A kosarad üresVásárlás
Often teachers may find themselves in one of two particular camps. One one side, there are the digital and tech enthusiasts - sometimes fully paperless educators. And on the other side there are teachers who are all about hands-on learning.
There are undeniable benefits on both sides, but I have a question for teachers out there: why not put one foot in each camp?
We haven’t seen anyone outright deny that technology is an important aspect of education for students, in its many different forms. Why? Graduates are increasingly expected to be familiar with various types of tech in their new workplaces. And as more and more countries are adding coding to their curriculum, the building blocks behind the tech is also playing an increased role in school and with employers.
Hands-on activities build motor skills from a young age and work a different part of the brain. Not to mention it’s so much fun to build and create things for yourself, creating a great sense of accomplishment while helping students observe and understand new things.
So what are some common benefits?
When used well in classrooms, both technology and hands-on can encourage independence and exploration. They can both encourage critical thinking skills, too.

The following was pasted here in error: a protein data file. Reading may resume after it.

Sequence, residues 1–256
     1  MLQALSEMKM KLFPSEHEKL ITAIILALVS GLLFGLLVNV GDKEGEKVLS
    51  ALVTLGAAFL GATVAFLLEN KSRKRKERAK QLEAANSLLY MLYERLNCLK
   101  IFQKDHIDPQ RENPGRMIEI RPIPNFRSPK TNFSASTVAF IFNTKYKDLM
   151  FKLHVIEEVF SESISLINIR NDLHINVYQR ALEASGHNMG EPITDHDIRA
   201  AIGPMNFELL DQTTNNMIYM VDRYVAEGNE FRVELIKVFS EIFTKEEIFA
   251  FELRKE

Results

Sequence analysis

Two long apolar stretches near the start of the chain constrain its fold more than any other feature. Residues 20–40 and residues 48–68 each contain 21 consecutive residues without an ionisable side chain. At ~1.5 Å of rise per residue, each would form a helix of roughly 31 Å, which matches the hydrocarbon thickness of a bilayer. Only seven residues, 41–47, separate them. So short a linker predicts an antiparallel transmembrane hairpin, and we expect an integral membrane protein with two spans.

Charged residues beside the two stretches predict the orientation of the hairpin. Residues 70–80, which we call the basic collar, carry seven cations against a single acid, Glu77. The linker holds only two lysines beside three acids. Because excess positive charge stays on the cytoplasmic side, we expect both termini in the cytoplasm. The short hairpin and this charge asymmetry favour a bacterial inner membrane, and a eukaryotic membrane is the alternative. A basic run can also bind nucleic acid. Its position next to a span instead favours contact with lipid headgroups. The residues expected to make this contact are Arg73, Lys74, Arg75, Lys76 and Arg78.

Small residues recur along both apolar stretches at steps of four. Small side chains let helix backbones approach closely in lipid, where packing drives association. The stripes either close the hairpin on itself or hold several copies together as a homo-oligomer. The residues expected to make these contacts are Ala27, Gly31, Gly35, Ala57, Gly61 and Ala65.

Hands-on learning is perfect for exploring interspatial relationships, and so are 3D images. 3D models allow students to see things that they couldn’t otherwise get their hands on in many schools, such as anatomical structures, extinct species, and tiny particles, such as molecules.
Virtual labs can help students improve their problem solving skills, and physical engineering experiments can, too.
Both teaching methods gives students the opportunity to be more direct participants in lessons. Not only that, but both methods can help improve verbal communication skills and associative thinking, increase proficiency in group work and decision-making, and - last, but not least - encourage creativity!
Digital is a great way to stimulate the imagination while hands-on is perfect for bringing students to the here-and-now. Not many schools have the budget for an endless supply of hands-on learning objects, nor for the latest classroom technology, but every school can make the best of what they do have, be it a single desktop computer or a simple set of laboratory equipment. I think it’s time for the edtech leaders and the masters of hands-on to join forces. Let’s use both teaching styles for our students and give them the most well-rounded experience possible.
For ideas on combining tech and hands-on, check out our article on using tech to engage students.